22-year-old Derick Lancaster was mid-shift as an Amazon delivery driver when he decided he had enough.
I quit amazon fuck that driving shit i left the van on 12 mile and Southfield y’all can have that bitch and it’s full of gas wit the keys in the IGNITION .
— Derick. (@_lilderick) June 29, 2020
“I quit amazon fuck that driving shit i left the van on 12 mile and Southfield y’all can have that bitch and it’s full of gas wit the keys in the IGNITION,” Lancaster wrote.
Lancester explained to Detroit ABC-affiliate WXYZ-TV that the combination of grueling hours, unreal expectations, and a meager hourly wage drove him to make the spur-of-the-moment decision. Lancester said that he typically delivers more than 100 packages in a near 12-hour shift for $15.50 per hour.
Lancester revealed that the number of packages he was expected to deliver continued to increase, saying, “It was days I had to deliver 158, 212, it just kept going up and up.” His tipping point, however, didn’t come until he missed his sister’s birthday party. “She was real upset with me,” he confessed. “There is no set schedule.”
“I’m not encouraging them to but if you fed up you fed up,” Lancaster said. “It was immature and irresponsible on my end. At the same time enough is enough.”
“This does not reflect the high standards we have for delivery partners,” Amazon said in a statement. “We are taking this matter seriously, and have investigated the matter and are taking appropriate action.”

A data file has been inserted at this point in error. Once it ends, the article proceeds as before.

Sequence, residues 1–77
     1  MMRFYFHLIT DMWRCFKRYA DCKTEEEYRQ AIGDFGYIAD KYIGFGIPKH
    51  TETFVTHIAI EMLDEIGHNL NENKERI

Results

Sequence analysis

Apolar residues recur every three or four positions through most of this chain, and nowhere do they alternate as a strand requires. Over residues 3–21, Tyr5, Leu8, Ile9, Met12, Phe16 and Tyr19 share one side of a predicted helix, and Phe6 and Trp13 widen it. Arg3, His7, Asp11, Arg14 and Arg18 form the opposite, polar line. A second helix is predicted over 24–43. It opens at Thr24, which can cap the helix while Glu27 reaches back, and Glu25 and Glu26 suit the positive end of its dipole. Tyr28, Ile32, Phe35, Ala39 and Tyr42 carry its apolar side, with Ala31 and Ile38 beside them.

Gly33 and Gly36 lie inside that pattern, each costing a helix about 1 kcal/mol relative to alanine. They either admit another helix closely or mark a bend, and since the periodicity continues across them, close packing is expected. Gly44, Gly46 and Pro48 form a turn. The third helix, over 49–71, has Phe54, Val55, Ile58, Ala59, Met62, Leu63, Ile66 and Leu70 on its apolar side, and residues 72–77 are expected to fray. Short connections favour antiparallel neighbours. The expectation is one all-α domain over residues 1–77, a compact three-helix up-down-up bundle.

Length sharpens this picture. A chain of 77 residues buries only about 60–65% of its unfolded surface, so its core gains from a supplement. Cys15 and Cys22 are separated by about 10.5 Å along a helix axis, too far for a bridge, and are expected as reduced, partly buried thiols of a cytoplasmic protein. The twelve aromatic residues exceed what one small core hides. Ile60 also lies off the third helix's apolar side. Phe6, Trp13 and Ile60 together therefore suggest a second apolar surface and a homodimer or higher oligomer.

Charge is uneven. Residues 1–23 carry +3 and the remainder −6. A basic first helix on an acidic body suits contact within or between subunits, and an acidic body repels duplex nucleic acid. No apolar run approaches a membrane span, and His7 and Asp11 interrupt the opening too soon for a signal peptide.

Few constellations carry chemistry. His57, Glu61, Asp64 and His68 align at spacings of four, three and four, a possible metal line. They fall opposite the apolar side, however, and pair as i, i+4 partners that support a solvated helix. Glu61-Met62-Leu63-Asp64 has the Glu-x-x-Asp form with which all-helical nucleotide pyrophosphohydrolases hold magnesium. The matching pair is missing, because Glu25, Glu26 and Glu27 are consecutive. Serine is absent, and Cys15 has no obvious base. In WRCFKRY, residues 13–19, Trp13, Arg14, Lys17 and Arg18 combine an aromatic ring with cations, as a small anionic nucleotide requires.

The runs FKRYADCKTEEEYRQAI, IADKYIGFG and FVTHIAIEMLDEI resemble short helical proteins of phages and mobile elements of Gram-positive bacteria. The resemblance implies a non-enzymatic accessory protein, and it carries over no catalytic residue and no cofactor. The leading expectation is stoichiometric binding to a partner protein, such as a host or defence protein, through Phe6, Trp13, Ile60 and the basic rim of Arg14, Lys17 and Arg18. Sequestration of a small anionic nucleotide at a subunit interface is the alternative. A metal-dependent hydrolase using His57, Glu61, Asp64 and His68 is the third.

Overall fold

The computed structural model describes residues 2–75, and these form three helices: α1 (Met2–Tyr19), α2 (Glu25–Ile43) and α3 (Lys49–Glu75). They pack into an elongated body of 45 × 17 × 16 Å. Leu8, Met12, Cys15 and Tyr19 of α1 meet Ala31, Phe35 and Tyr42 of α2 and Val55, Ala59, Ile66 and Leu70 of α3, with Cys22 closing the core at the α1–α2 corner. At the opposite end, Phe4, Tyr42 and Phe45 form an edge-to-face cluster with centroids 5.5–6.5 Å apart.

The poor treatment of Amazon’s warehouse workers has been well-documented. It’s quite possible that Amazon’s delivery drivers aren’t treated any better.
Earlier this year, The Guardian spotlighted Rina Cummings, an Amazon warehouse worker in Staten Island, who said that in her 12-hour shift as a “sorter,” she’s expected to inspect and scan at least 1,800 packages every hour. That means Cummings would need get through 30 packages every minute just to stay on pace.
Cummings was among the 600 workers at the Staten Island warehouse that submitted a petition in November seeking simple, plausible changes to their work environment. The petition demanded that the workers’ two 15-minute breaks get combined into a 30-minute one since it can take up to 15 minutes to walk to and from the warehouse break room, and a more reliable transportation schedule since the warehouse is in the middle of nowhere, among other requests.
In May, Amazon announced that they were cutting the $2 hourly hazard pay increase for warehouse workers who were still coming in during the coronavirus pandemic. That same month, it was reported that Amazon founder Jeff Bezos was projected to become the world’s first trillionaire by 2026.
We can’t say we blame him. This pandemic has taken a toll on everyone — especially the overworked and underpaid.